a. EPS concentrators deal in more than just lava; they can choose to study oceanic or atmospheric processes (like the water cycle) and how they impact the natural world. In Hawaii, EPS students observed the relationship between the solid earth (the Big Island) and the water cycle. When you look at a satellite image of the Big Island, you’ll notice distinct areas of green and brown. The northern tip of the island is Kohala Mountain, the oldest volcano on the island, which last erupted about 60,000 years ago. The eastern side receives very high precipitation (up to 450 cm/year) due to the northeast trade winds, while the eastern side is in a rain shadow (less than 25 cm/year). There is a clear difference between the eastern and western sides of Kohala, both in terms of topography and vegetation
b. 360 Video: 62, 63, 65; 360 Photo: 64—Alakahi Stream (Kohala Mountain) Following an off-roading adventure and misty hike, EPS students reached the Alakahi Stream on the upper elevations of the wet side of Kohala. Note the abundant vegetation, mist, and stream. The area is characterized by thick mud and sphagnum moss. However, there are no large trees. Why isn’t this place a rain forest? It is actually too wet for large trees—it’s too wet for their roots. The small building is a weather station, and the large pipe is part of a hand-dug canal system (the Kohala ditch) that transports freshwater to lower elevations. The area is characterized by thick mud and sphagnum moss. Here, students collected water samples to test for pH and silica content. The pH provides information about biologic activity, and the silica content reflects the degree of weathering in the surrounding rock.
c. 360 Video: 66—Waipi’o Valley Overlook The wet side of Kohala has incredibly deep gorges (some dropping thousands of feet), compared to the gentle slopes of the dry western side. The largest gorge is called Waipi’o valley. The drop in elevation from the overlook to the beach is about 850 feet. The valley floor is filled with about 120 m of sediment derived from the canyon walls. The valley floor is ideal for taro farming, but has been devastated by tsunami in the past due to its low elevation. Students paused at this overlook for lunch before a steep hike down to the beach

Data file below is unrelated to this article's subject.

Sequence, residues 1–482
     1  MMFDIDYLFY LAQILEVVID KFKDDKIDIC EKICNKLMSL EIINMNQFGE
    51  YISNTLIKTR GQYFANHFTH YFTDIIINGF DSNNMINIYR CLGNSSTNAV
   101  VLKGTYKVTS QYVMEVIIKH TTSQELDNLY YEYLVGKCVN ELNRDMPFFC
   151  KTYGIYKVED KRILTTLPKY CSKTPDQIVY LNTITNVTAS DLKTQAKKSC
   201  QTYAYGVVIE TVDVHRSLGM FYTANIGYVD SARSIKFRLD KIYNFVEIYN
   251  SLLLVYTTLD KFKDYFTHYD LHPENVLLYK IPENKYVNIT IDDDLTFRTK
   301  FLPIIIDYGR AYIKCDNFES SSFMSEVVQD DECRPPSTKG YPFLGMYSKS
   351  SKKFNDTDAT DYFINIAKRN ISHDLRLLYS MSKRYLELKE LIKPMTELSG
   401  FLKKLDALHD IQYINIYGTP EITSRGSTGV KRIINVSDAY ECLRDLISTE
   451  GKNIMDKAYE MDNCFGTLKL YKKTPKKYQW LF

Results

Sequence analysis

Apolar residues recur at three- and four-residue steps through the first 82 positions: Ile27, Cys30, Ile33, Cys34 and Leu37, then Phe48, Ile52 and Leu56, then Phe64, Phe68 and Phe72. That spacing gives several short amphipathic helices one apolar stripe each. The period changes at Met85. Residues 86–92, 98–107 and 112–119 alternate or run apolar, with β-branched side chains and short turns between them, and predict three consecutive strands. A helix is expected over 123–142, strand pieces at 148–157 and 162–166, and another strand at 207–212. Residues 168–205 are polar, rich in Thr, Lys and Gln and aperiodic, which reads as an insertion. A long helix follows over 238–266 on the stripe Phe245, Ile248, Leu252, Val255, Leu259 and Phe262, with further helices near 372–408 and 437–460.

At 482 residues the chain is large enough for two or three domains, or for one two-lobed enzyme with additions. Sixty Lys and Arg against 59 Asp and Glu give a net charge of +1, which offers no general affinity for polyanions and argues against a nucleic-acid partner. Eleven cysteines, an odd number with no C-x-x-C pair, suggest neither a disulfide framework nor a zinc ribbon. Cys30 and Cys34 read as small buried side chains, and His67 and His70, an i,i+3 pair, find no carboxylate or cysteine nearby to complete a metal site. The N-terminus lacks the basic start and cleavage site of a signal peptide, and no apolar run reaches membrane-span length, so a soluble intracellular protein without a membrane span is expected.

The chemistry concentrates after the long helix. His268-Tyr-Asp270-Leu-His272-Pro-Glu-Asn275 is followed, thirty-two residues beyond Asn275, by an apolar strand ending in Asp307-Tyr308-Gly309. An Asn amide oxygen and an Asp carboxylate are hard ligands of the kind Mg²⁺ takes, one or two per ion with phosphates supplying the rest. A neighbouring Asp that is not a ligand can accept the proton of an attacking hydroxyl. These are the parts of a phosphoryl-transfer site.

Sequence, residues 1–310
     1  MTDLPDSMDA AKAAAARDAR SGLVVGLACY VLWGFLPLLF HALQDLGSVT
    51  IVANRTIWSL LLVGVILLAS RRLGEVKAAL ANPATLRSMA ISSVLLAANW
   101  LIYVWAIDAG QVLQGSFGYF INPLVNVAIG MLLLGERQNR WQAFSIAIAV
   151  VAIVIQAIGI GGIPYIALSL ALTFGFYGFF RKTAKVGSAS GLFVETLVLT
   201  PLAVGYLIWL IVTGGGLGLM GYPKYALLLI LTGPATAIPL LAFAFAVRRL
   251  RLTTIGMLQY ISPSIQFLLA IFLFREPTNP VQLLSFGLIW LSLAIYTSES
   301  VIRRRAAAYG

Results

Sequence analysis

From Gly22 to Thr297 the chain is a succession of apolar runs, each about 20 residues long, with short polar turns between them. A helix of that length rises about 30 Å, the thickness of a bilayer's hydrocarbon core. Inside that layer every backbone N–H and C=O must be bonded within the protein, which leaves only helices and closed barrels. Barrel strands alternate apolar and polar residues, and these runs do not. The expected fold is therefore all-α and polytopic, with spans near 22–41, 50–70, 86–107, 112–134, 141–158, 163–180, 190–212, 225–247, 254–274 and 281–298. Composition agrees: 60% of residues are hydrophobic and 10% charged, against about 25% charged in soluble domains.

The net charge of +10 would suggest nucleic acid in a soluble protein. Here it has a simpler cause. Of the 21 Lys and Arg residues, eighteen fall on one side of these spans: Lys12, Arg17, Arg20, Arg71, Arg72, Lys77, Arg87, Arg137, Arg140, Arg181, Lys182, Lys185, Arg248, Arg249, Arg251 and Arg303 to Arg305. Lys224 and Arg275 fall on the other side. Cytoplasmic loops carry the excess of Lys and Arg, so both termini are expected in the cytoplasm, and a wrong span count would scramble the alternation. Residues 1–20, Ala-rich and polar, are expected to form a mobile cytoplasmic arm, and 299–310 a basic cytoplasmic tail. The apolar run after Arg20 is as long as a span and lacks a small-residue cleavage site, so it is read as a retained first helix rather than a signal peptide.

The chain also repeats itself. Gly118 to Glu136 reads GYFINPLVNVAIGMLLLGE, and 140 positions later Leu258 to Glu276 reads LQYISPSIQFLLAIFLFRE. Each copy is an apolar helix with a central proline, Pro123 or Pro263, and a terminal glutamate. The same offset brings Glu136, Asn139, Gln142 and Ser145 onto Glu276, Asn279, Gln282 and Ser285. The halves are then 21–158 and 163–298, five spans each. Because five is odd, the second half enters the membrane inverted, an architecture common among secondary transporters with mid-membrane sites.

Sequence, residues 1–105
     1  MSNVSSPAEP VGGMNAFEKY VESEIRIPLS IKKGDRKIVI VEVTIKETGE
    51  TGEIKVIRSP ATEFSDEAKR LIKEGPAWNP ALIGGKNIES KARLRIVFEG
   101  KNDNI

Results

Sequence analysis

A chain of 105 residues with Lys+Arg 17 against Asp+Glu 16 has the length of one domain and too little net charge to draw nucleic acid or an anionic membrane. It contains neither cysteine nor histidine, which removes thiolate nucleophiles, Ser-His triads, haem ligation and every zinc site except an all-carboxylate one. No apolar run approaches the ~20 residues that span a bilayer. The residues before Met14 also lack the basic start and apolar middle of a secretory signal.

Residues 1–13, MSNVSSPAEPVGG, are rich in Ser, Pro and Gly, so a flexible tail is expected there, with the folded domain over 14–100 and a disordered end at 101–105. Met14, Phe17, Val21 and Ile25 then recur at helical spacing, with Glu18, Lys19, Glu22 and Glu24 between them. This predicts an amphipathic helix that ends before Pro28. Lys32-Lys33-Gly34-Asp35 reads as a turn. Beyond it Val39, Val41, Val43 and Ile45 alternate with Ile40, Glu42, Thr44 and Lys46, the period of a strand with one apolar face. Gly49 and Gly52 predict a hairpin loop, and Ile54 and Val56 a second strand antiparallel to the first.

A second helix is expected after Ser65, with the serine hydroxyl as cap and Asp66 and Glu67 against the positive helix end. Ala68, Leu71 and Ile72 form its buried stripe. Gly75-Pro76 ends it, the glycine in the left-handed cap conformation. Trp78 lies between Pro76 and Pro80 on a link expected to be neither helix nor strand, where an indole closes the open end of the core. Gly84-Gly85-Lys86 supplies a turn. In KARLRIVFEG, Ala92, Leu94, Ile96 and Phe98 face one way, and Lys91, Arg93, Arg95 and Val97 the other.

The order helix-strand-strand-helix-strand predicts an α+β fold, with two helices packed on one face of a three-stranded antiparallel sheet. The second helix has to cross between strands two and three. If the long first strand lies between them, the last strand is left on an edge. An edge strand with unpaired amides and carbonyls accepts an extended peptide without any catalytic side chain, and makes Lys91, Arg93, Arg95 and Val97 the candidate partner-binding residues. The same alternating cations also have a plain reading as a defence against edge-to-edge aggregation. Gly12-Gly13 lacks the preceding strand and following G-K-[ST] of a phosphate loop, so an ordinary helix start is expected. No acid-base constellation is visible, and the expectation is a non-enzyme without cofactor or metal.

d. 360 Video: 68; 360 Photos 67, 69—Hi’ilawe Stream, Waipi’o Valley The streams (such as Alakahi Stream) that form on the highest elevations of Kohala mountain move over steep valley walls in dramatic waterfalls and run across the valley floor toward the ocean. Students again collected water samples and compared the silica content at the top of the mountain (Alakahi Stream) with the valley floor (Hi’ilawe Stream and Wailoa Stream). Although the physical distance traveled by the water wasn’t large (less than 10 km), the dramatic increase in silica reflected the rapid weathering taking place on the wet side of the island. The wet climate increases weathering and erosion, which results in the steep canyons and valley floors filled with sediment
e. 360 Video: 77; 360 Photo 70, 71, 72—Waipi’o Valley Beach Rain and moisture captured by the highlands of Kohala reaches the Pacific Ocean at the Waipi’o Valley Beach, where students obligingly collected additional water samples.
Figures 1-2: (With or without labels). The Big Island of Hawaii has some of the most dramatic precipitation gradients (differences in the amount of rainfall over a short distance) on Earth! Wet, heavily-vegetated areas are mostly on the eastern side of the island, and are green in satellite imagery.
Figure 3: EPS concentrator Katie Polik poses for a photo as the fog momentarily clears on the top of Kohala, revealing the deep gorges and waterfalls below.
Figure 4: EPS secondary student Katie Gibson crosses the Alakahi Stream, which is darkened by high concentrations of organic material.
Figure 5: The breathtaking view from the Waipi’o Valley overlook, giving students a sense of how far down (and up!) they would be hiking to reach the valley floor.
Figure 6: A sign on the steep hike down to the Waipi’o Valley warns of tsunami danger. EPS concentrators may choose to study natural hazards and causes as they learn about Earth systems.
Figure 7 - 8: Several small streams cascade down the cliff walls and contribute to the Wailoa Stream that runs through the Waipi’o Valley.
Figure 9: Brave EPS students volunteer to jump into the Wailoa Stream in the Waipi’o Valley to collect water samples just before the river enters the Pacific Ocean.